Of course, Trump & Company simply skipped stages one through four and moved on. Even as the number of infected Americans passed the million case mark and the national death toll shot past the original estimate of 60,000, White House Senior Advisor Jared Kushner called the Trump administration’s coronavirus response “a great success.” Channeling the magical thinking of his father-in-law, Kushner jauntily predicted, "by June a lot of the country should be back to normal, and the hope is that by July the country’s really rocking again.”
Kushner, who reminds me of the sociopathic boyfriend who wooed me in poetry and dumped me in doggerel, is whistling past the graveyard. He should be forced to watch this up-to-the-minute Johns Hopkins graphic that attests to how the Trump’s administration’s epic incompetence continues to result in needless suffering and death. On Friday, a top CDC official, Dr. Anne Schuchat, acknowledged that the U.S. could have substantially slowed the virus's spread if it had cracked down on travel from Europe earlier. As nearly two million travelers arrived in February in the U.S. from Italy and other European countries, Trump was still insisting the risk of the coronavirus to Americans was “very low” and didn’t block travel from Europe until March 11.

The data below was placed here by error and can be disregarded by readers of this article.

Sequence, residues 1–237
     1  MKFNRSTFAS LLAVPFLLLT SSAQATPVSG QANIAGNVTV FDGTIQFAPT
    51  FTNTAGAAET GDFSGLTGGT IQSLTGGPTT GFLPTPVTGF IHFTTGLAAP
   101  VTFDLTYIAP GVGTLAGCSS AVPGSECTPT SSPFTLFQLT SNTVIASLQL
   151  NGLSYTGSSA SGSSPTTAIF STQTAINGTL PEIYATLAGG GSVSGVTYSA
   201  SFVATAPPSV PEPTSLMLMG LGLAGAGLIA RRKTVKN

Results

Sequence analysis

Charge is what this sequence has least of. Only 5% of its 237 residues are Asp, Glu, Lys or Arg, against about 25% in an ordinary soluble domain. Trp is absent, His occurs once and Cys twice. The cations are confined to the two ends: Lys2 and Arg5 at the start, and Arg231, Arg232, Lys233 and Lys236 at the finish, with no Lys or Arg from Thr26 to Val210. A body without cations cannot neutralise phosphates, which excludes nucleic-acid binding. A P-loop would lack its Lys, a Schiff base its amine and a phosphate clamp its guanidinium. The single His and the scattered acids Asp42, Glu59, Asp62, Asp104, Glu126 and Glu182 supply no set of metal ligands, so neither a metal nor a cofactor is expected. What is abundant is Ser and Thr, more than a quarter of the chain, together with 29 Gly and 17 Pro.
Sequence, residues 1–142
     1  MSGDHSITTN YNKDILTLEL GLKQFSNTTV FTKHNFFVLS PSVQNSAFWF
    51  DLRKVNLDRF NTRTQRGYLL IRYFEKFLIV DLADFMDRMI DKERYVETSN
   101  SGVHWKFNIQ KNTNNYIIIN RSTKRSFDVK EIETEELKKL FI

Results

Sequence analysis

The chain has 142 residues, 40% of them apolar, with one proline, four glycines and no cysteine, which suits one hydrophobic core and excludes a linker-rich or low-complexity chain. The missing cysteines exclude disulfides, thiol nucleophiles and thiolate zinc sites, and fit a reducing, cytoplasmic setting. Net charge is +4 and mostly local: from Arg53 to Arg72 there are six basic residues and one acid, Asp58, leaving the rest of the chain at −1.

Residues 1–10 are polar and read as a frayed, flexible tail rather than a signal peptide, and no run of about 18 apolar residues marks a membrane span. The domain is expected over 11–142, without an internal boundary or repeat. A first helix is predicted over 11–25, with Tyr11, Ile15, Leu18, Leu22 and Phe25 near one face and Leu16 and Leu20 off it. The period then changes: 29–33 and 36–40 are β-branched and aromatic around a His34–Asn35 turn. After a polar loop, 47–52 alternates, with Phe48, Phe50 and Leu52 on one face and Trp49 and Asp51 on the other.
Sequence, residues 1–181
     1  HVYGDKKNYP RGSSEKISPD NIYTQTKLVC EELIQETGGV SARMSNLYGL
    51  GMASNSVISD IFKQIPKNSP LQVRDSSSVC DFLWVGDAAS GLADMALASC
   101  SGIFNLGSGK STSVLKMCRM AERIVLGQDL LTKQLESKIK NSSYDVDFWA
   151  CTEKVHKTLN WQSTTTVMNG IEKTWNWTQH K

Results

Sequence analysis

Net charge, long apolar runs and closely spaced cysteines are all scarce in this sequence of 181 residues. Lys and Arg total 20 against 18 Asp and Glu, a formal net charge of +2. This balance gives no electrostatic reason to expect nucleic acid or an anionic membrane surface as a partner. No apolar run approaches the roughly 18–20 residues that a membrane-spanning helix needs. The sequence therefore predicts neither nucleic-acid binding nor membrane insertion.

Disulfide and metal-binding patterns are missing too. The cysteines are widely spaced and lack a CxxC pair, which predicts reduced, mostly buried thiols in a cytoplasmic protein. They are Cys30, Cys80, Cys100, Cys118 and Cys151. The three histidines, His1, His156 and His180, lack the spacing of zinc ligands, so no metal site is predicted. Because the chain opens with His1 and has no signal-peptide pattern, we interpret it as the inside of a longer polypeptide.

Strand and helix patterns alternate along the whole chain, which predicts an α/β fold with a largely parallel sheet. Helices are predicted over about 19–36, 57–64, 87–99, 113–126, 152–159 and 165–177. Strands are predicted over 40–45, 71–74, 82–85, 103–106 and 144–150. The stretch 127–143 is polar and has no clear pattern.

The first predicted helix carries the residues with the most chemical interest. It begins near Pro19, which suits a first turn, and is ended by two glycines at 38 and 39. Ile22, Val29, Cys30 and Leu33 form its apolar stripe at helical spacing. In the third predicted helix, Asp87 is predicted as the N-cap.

Now, as we wait for a national strategy to re-open our country, governors and mayors are again stepping up to fill the leadership void emblematic of this administration. According to this Washington Post editorial the path to reopening our country is clear: "What works is social distancing to break the chains of transmission of a virus that leaps from person to person,” the newspaper says. "We know it works because the early, explosive growth of new infections has slowed. But new infections and deaths are not yet on a downward slope. Every day, 2,000 lives are being lost. It is too soon to return willy-nilly to crowded places or to drop vigilance about masks, hand-washing and discretionary travel.”